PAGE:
Felix Tshisekedi - Democratic Republic of Congo

Congo’s prime minister announced a new government on Monday, eight months after President Felix Tshisekedi won an election, with around two thirds of posts going to allies of former president Joseph Kabila. In the long-delayed election last December, Tshisekedi defeated a candidate officially backed by Kabila, whose own term limit was up, though opposition politicians said the result was rigged in a secret deal between Kabila’s and Tshisekedi’s camps.

They said the deal involved Kabila officially stepping down but maintaining control, a charge they both denied.

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The cabinet list released by Prime Minister Illunga Illunkamba on Monday consisted mostly of people with little or no government experience. Of the 65 ministers named, 42 were from Kabila’s coalition and 23 were from Tshisekedi’s.

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As well as retaining outsized influence over various security agencies, Kabila’s Common Front for Congo (FCC) coalition won about 70 percent of seats in the lower house of parliament and an overwhelming majority of provincial assembly seats in elections also held on Dec. 30.

Kabila had always been expected to have a big say in the government of Democratic Republic of Congo, a vast, mineral-rich central African country of about 80 million people which he had been in charge of since the death of his father, Laurent, in 2001.

In May, Tshisekedi named Ilukamba, a close Kabila ally with years of government experience and previously the head of Congo’s national railway company, as prime minister. But negotiations over other government posts had been stalled since.

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The new list has Gilbert Malaba, a member of Tshisekedi’s party, as minister of interior and security, while the defence ministry went to Ngoy Mukena, a close Kabila ally.

The mining portfolio went to Willy Samsoni, a member of Kabila’s coalition and a former mines minister in the local government of Haut Katanga province, while Congo’s former director general of taxes Sele Yalaghuli, also a Kabila stalwart, was named finance minister.

Tshisekedi ally Jean-Baudouin Mayo Mambeke took the more junior role of budget minister.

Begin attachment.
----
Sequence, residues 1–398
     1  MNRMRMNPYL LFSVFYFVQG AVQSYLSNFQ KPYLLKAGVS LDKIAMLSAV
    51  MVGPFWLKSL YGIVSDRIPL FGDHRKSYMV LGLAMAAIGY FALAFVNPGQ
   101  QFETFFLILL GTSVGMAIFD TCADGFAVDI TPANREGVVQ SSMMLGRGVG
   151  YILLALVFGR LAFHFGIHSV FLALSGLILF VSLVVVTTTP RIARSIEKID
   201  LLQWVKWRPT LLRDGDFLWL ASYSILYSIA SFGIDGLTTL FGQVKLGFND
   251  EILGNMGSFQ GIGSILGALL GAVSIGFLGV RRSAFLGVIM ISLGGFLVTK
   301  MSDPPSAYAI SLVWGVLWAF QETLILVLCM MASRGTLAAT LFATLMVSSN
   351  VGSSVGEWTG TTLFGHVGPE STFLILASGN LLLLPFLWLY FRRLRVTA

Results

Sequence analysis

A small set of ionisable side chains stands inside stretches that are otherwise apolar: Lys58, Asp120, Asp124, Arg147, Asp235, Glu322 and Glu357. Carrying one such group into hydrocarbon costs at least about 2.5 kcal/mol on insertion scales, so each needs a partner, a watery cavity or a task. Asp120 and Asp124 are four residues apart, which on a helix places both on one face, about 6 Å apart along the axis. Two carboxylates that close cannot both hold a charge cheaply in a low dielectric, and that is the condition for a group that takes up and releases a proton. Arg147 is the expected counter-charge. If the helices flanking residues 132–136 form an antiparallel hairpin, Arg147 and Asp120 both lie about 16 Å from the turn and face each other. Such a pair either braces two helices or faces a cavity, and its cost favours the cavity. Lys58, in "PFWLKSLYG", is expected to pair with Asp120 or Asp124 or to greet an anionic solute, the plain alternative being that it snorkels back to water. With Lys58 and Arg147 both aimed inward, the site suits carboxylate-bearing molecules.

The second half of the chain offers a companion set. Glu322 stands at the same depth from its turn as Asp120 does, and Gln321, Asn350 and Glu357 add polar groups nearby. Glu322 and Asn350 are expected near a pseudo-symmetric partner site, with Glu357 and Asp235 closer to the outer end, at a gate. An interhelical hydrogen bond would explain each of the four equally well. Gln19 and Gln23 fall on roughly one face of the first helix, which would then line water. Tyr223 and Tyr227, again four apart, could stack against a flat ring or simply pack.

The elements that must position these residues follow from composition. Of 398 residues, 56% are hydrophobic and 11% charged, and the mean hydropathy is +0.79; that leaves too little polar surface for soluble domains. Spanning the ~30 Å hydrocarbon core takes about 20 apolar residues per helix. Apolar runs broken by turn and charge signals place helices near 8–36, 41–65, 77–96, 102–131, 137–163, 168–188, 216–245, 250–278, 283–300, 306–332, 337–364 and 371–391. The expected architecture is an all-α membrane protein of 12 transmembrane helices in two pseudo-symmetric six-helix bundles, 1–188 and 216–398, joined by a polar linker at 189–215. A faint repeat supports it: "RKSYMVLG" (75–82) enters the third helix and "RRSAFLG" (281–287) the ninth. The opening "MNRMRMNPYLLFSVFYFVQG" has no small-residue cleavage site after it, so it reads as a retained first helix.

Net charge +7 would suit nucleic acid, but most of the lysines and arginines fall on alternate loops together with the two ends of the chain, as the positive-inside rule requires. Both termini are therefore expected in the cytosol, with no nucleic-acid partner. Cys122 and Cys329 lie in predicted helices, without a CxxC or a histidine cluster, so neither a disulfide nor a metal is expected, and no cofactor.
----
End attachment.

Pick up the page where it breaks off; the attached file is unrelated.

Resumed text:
Since being inaugurated in January, Tshisekedi has signalled a break with his predecessor in some areas. He pardoned three prominent political prisoners and 700 regular ones in March, a marked shift away from the policies of Kabila, who had scores of his opponents jailed.

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Ngoy Mukena, a long time Kabila ally and senior government figure, had been petroleum minister since late 2015 under Kabila’s previous government. In that role, the government’s own website described him as a “fervent Kabiliste”.

Before that he was Kabila’s defence minister for about nine months. Mukena is from the mineral-rich and sometimes rebellious copper-producing province of Katanga. He was a founding member and at one time secretary of Kabila’s People’s Party for Reconstruction and Democracy (PPRD).

Before entering politics he was a professor in political philosophy at University of Lubumbashi, the capital of Katanga.

Another Kabila stalwart, Sele Yalaghuli, is the former head of Congo’s tax authority. Under his leadership tax receipts increased significantly. He was head of the cabinet under Kabila’s prime minister Matata Ponyo, who held the post from 2012-16.

He also served on the board of the African Development Bank and African Development fund in 2010 and 2011.

Willy Samsoni is a member of Kabila’s coalition and a former mines minister in the local government of Haut Katanga province. He has had virtually no previous public presence on the national scene.

Gilbert Malaba is one of President Tshisekedi’s closest allies. Until being named he was the national secretary for Tshisekedi’s Union for Democracy and Social Progress (UPDS).

Marie Nzeza takes on one of the most senior roles occupied by a female — 17 percent of posts went to female appointees. She is also one of the more than three quarters of posts that went to candidates with no previous political experience.

Nzeza was unknown in Congolese politics before the announcement.

Co-Founder of and former deputy secretary general of Kabila’s PPRD, Celestin Tunda is former parliamentarian who was elected in national legislative elections in 2006. She was also in former PM Ponyo’s government as deputy minister of foreign affairs.

Taking the more junior finance role, Jean-Baudouin Mayo Mambeke is the secretary general of Union for the Congolese Nation, one of the parties in Tshekedi’s coalition.


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